And are there instances where you're only creating variables to associate them when you need them?

Daniel Banks: Yeah, that, that's a great question.

I think, yeah, for our case, we want themability to be the number one thing, because we're an open source UI library that's meant to be used to build anything versus a design system for a specific company.

And I think you're right, if you're building a design system for a company, being explicit in where you want those, where you want that API basically, because, you should treat that as an API, you can change or reference these things.

And really thinking about how you want that API to work.

For us, it was, we need people to have all of those knobs and levers to be able to really fine tune every single thing.

And there are some instances, a flex component where it displays flex, come on, you don't need to have a CSS variable for that.

But other than that, it's everything that we do, we've really tried to think about the style API so that people can really make everything their own.

Nathan Curtis: You contributed to an era we're all in when you made Style Dictionary, which is a tool that helps us all translate our design tokens across a range of formats.

And you showed an example where you're creating another translation tool so the developer experience can be easier and familiar for the way they wanted it, or the way they're most comfortable.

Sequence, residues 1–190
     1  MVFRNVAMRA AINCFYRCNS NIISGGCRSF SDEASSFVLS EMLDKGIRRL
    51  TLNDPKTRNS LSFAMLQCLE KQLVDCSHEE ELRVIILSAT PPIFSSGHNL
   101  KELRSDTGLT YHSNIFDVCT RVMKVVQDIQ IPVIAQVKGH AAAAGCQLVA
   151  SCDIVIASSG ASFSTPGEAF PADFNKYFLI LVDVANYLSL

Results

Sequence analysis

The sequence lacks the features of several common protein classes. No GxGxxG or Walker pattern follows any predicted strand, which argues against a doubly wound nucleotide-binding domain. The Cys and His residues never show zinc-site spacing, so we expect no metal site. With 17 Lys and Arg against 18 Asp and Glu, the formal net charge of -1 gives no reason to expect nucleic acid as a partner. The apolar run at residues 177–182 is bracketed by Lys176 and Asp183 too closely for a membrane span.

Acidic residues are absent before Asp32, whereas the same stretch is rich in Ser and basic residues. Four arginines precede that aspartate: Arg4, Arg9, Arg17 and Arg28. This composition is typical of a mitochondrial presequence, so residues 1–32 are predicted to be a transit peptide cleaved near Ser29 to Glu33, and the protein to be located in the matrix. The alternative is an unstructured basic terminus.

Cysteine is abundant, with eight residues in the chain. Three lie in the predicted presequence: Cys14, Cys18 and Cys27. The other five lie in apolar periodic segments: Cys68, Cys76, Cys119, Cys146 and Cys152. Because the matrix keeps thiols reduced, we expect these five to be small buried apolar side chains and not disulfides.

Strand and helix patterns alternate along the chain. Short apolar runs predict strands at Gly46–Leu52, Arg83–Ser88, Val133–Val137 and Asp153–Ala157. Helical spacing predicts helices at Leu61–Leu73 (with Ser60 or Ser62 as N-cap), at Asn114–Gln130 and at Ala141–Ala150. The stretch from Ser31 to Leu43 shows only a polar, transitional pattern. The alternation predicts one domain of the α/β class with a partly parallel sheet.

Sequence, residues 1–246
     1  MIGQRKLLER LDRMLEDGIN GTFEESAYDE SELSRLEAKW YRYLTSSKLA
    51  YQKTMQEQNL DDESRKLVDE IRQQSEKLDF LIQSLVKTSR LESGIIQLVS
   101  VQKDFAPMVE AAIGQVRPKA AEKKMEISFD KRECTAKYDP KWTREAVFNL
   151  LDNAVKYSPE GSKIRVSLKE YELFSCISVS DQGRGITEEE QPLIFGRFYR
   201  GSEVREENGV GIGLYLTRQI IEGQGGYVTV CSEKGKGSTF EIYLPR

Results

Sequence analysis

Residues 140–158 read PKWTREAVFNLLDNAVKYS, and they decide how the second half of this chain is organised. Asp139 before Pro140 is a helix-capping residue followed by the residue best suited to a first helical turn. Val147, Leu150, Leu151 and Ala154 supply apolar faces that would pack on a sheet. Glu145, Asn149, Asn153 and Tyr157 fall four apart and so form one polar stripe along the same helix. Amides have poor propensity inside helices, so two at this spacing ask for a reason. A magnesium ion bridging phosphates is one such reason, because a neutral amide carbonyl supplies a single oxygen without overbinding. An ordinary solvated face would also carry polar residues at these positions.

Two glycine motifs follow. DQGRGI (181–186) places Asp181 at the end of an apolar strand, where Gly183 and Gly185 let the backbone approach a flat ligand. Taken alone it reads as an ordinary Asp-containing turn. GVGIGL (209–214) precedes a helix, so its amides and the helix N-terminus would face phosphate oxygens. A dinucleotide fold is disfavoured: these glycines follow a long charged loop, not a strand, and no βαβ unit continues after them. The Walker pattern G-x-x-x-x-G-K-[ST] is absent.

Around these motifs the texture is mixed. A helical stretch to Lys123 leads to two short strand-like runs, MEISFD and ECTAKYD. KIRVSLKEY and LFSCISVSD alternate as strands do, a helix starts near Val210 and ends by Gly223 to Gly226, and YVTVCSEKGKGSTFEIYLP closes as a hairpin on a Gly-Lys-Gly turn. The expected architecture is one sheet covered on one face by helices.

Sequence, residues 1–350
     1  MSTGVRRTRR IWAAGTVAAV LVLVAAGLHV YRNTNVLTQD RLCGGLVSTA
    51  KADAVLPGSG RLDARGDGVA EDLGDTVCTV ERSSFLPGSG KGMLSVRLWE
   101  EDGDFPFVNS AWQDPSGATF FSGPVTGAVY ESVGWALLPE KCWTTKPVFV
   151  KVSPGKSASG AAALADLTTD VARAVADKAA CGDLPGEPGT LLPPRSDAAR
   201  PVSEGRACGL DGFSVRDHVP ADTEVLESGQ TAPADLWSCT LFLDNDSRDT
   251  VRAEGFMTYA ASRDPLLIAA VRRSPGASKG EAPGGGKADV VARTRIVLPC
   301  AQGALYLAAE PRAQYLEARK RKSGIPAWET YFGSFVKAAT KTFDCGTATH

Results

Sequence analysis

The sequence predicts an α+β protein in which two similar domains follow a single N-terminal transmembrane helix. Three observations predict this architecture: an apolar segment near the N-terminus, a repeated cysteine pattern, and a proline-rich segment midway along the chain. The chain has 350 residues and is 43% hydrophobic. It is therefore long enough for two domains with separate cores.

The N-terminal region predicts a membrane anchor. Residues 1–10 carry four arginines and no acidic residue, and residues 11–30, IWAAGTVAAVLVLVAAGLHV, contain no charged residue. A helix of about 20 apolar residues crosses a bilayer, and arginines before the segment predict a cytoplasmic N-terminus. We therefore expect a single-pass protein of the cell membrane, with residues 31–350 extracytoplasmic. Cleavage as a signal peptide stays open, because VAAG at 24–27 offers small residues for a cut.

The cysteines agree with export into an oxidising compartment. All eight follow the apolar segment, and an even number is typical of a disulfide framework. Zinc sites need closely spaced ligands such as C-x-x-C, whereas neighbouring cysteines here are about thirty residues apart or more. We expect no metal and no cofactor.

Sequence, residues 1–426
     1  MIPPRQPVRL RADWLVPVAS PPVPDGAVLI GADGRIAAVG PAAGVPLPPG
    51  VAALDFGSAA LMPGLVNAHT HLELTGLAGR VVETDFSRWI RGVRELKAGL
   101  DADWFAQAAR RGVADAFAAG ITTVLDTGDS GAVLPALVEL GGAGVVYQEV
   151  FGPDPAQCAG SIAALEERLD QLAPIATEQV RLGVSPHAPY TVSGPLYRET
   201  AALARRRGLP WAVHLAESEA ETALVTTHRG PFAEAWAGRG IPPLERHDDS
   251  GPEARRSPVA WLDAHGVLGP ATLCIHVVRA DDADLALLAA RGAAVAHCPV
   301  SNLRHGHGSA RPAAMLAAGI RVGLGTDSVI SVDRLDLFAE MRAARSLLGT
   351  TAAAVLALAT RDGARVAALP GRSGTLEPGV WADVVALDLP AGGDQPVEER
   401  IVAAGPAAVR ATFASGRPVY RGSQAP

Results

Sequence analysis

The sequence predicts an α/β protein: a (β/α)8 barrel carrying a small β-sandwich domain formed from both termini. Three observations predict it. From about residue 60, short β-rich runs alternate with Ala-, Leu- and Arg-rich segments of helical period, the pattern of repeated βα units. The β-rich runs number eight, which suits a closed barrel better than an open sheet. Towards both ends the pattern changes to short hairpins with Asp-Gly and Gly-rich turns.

How do you make a choice around when it's worth it to make and maintain and deal with the consequences having that translation tool out there in your ecosystem, like what will influence you to say it's time to make this tool versus it's not worth it?

Daniel Banks: Yeah, that's actually, yeah, so in, in actually our code base, we use the internal pieces of style dictionary without like explicitly saying Hey, you're using Style Dictionary.

because like we made a conscious decision that like, we don't want to, we want to be very, so, really un opinionated in how you build your application, so you could use style dictionary to define your tokens and then pass them to this, create theme function or whatever, if you wanted to.

But we didn't want to, force everyone into that decision, because, we didn't think that was, like, the right thing to do because, people may not want that.

and so really we wanted to give people the power of choice.

You can also completely not use that either and just use all CSS variables and just define them all in the root or something and that is completely valid and completely works.

So I think it's really like what choice did we want to give people and how much control did we want to give them and for our case, it's a lot.

for other people, it might be not a lot at all, and you might want to rein in that control.

Nathan Curtis: Has there ever been an instance when you've created a tool like that, and you've regretted it?

It hasn't been worth it, or actually led to more confusion than clarity?

Daniel Banks: yes.

Nathan Curtis: Can you talk about it?

Daniel Banks: Yes.

so I created another open source library called Sketch Constructor.

And this was when Sketch kind of first came out with like their open, AP, or their open kind of like JSON specification.

And so I created this library and you could create Sketch files just in JavaScript.